“There is a cultural problem,” said Franklin College Professor Hank Nuwer, who has studied fraternity drinking trends for decades. “When the deaths occur, it’s often because they not only want to drink with the members, they want to out-drink them to show off.”
In the past month, at least four young men have died in circumstances apparently related to college fraternities. Two of those deaths have come this week alone. At least three young men had also died the previous semester.
If that seems like a lot, Hank Nuwer, an author who chronicles these types of deaths, has some unfortunate news. Since 2017, that number of fraternity deaths annually has become the new normal.
Despite policy changes from universities and frats, a slew of anti-hazing laws and activism from the dead students’ parents, the trend shows no sign of changing. Nuwer laments that many young men see hazing as a “requirement for manhood.”
The deaths come at a time when families, universities and fraternities are struggling to decide how to address the toxic behavior sometimes associated with these organizations. Many supporters say frats’ volunteer service, fundraising, and sense of community outweigh the bad behaviors. But people increasingly are drawing connections between the high-profile incidents that leave young men dead, and more of them are putting the blame on fraternities’ culture of hazing.
COLUMBIA, S.C. — The Lambda Chi Alpha fraternity at the University of South Carolina has been suspended until 2023 for violating the code of conduct of both the university and Lambda Chi Alpha fraternity.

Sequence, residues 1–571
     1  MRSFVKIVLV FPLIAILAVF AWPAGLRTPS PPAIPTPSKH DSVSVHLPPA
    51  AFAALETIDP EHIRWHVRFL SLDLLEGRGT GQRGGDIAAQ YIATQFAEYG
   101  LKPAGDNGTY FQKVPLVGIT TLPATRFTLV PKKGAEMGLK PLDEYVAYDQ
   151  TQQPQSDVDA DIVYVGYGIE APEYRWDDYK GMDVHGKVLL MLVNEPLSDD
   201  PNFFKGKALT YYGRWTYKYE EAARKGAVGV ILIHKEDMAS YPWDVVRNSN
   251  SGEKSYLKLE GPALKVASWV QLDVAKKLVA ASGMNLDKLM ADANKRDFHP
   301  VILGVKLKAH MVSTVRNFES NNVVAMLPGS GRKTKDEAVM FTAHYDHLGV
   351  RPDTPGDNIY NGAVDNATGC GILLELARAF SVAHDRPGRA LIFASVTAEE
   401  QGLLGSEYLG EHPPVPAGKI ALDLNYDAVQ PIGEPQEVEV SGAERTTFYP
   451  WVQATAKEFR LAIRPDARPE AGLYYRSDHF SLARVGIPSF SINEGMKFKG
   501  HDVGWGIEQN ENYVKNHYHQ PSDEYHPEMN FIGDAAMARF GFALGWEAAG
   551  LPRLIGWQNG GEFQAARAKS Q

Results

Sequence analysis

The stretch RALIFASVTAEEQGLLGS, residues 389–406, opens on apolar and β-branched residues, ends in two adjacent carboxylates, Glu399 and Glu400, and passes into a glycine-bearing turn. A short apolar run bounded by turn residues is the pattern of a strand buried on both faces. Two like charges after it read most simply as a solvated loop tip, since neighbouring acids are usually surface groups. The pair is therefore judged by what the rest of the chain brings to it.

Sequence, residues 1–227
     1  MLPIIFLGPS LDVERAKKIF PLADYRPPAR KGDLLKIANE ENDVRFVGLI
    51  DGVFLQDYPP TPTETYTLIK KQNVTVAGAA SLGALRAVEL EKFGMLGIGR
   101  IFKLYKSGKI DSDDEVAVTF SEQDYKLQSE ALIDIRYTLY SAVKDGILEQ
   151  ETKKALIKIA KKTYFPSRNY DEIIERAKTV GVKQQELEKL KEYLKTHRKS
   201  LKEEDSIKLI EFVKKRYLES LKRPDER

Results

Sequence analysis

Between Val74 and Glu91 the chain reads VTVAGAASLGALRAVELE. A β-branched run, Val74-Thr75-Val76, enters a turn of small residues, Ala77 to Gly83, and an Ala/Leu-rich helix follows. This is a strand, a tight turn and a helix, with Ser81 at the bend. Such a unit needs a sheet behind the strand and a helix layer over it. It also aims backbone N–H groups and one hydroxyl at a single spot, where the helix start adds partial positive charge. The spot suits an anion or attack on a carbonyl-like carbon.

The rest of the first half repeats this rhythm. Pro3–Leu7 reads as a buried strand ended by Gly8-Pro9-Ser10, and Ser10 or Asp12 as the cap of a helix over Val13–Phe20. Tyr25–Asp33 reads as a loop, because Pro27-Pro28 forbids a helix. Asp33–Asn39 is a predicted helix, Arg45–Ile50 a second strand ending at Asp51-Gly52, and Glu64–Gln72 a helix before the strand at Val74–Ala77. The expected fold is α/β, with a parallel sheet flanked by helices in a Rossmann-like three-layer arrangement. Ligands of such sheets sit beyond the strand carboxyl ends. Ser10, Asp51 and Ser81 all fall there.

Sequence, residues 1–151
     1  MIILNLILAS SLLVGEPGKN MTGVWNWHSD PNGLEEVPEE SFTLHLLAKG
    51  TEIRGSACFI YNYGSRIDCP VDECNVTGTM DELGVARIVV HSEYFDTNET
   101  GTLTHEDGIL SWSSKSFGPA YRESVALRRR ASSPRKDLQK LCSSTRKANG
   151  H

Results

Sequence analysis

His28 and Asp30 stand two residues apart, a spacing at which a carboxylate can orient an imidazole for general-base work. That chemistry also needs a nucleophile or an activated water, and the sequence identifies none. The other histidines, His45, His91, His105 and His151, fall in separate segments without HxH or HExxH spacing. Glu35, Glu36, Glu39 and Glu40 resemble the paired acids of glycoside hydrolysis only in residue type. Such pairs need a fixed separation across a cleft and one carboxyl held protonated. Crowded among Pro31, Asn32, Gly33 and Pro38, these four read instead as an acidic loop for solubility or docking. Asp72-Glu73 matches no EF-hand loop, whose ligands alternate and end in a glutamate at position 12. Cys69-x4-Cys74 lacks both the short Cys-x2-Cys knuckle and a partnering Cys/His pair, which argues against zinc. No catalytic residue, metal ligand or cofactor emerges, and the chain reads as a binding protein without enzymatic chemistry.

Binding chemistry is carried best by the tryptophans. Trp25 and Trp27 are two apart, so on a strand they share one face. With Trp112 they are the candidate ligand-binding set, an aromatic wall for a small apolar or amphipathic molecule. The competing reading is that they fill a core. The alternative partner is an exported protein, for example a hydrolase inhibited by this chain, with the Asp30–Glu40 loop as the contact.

In an official statement, USC’s Director of Public Relations Jeff Stensland said, “Operations of the Epsilon-Psi chapter of Lambda Chi Alpha fraternity at the University of South Carolina have been suspended until at least August 2023, effective Nov. 11, 2019.
“The suspension is supported by the organization’s national office and follows a university investigation in which evidence of member hazing was uncovered. Hazing is not tolerated at the University of South Carolina, and those who engage in the practice face disciplinary action.
“The university provides extensive education and training to new and existing members of fraternities and sororities about hazing and other abusive behaviors, and how to report it if it occurs. The reporting process worked in this case, resulting in the organization and its members being held accountable for their actions.
“We encourage anyone who knows of hazing activities in any student organization to contact the university’s 24/7 reporting hotline at 803-777-5800.”
Tad Lichtenauer, spokesman for Lambda Chi Alpha, said that the Lambda Chi Alpha Board of Directors became aware of the latest accusations against the Columbia chapter in October 2019 and voted to suspend operations of the Epsilon-Psi chapter effective Nov. 10.
San Diego State University on Friday suspended 14 fraternities after a student reportedly required medical attention after attending a fraternity event, campus officials said.
University Police said they received a 911 phone call on Thursday morning and were asked to respond to a residence hall in the 6100 block of Montezuma Road, where a student needed medical attention. The student, who was a freshman attending a Phi Gamma Delta fraternity event, was taken to a San Diego-area hospital.
“Given the severity of this incident, and as the safety and wellbeing of students is a primary concern of the university, SDSU President Adela de la Torre has suspended the Interfraternity Council (IFC) and all chapter organizations under the council,” SDSU said in a statement.
The decision, effective Friday, does not affect the National Pan-Hellenic Council, the College Panhellenic Association or the United Sorority and Fraternity Council, according to the university. Nor does it impact the chapters affiliated with those organizations.